Earth’s oldest asteroid crater found in Australia

Posted: January 22, 2020 by oldbrew in Ice ages, News, research
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Credit: earth.com


Theories abound, but the inevitable carbon dioxide one pops up at the end.

Scientists have identified the world’s oldest asteroid crater in Australia, adding it may explain how the planet was lifted from an ice age, reports BBC News.

The asteroid hit Yarrabubba in Western Australia about 2.2 billion years ago – making the crater about half the age of Earth, researchers say.

Their conclusion was reached by testing minerals found in rocks at the site.

The scientists say the find is exciting because it could account for a warming event during that era.

The Curtin University research was published in the journal Nature Communications on Wednesday.

How did they date it?

The crater was discovered in the dry outback in 1979, but geologists had not previously tested how old it was.

Due to billions of years of erosion, the crater is not visible to the eye. Scientists mapped scars in the area’s magnetic field to determine its 70km (43 miles) diameter.

“The landscape is actually very flat because it’s so old, but the rocks there are distinctive,” researcher Prof Chris Kirkland told the BBC.

To determine when the asteroid hit Earth, the team examined tiny zircon and monazite crystals in the rocks. They were “shocked” in the strike and now can be read like “tree rings”, Prof Kirkland said.

These crystals hold tiny amounts of uranium. Because uranium decays into lead at a consistent pace, the researchers were able to calculate how much time had passed.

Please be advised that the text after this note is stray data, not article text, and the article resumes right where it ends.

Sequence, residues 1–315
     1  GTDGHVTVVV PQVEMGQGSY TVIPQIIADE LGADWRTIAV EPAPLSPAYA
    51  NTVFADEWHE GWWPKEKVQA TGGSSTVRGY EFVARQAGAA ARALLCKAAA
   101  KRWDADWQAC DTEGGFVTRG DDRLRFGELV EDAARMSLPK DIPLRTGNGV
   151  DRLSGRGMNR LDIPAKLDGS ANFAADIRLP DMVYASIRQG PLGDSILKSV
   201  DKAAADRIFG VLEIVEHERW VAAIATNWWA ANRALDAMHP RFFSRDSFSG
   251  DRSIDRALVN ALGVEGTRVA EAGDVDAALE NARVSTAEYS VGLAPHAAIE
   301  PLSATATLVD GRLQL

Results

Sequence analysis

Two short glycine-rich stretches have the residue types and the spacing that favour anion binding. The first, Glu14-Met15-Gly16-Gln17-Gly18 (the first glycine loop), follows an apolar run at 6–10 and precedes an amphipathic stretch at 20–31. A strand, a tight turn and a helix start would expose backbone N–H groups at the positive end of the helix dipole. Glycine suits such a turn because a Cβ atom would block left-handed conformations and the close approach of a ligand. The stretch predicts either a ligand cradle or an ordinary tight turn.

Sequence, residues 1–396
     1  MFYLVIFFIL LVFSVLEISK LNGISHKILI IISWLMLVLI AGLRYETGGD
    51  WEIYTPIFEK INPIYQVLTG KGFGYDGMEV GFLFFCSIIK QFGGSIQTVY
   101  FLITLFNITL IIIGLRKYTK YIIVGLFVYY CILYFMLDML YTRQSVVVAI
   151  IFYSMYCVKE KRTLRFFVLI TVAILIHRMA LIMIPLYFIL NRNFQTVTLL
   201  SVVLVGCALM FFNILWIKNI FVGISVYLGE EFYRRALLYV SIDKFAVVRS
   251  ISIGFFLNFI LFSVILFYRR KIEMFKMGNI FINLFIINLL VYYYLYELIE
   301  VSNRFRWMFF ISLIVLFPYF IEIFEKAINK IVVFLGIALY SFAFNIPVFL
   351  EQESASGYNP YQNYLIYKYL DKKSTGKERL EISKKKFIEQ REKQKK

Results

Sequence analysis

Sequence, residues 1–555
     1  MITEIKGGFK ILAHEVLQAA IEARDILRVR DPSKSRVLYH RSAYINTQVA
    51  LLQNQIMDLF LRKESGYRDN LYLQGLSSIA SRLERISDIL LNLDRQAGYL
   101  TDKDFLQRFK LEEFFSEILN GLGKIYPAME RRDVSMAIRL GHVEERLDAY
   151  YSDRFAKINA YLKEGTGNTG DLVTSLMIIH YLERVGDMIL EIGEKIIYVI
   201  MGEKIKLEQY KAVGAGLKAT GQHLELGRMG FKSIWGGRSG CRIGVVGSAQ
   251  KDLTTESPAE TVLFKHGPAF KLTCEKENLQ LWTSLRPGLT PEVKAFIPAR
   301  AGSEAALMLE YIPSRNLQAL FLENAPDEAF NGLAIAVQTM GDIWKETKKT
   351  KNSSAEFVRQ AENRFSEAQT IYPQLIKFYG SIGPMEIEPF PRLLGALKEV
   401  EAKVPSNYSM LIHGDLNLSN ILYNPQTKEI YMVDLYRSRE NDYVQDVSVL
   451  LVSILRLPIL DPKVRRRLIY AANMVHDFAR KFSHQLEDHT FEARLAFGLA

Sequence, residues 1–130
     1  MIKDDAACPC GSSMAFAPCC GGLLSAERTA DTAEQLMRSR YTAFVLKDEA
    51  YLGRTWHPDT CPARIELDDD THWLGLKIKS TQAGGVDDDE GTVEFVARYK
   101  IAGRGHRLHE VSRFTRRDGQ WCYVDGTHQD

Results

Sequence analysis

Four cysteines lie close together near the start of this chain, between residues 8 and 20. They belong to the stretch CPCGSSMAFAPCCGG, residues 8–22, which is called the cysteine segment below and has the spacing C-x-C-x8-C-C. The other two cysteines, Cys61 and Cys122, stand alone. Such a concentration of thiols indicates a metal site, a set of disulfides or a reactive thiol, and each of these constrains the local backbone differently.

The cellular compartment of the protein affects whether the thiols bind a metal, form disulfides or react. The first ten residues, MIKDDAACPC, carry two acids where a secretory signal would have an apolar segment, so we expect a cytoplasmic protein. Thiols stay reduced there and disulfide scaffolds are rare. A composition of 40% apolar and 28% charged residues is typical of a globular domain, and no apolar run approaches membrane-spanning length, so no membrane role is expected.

It is at least 200 million years older than the next most ancient impact structure – the Vredefort Dome in South Africa.

“We were interested in the area because the Western Australian landscape is very old but we didn’t expected [the crater] to be as old as this,” Prof Kirkland said.

“It’s absolutely possible that there’s an older crater out there just waiting to be discovered, but the difficulty is in finding the crust before it erodes and you lose that early Earth history”.

Could it have ended an ice age?

The timing of the impact could also explain why the world warmed around this time, according to the researchers.

Scientists believe the planet was previously in one of its “Snowball Earth” periods, when it was largely covered in ice. At some point, the ice sheets melted and the planet began to rapidly warm.

“The age of the [crater] corresponds pretty precisely with the end of a potential global glacial period,” Prof Kirkland said.

“So the impact may have had significant changes to our planetary climate.”

Full report here.

See also: Asteroid that smashed Earth 2.2 billion years ago may have thawed the planet [cnet.com]

Comments
  1. Jim says: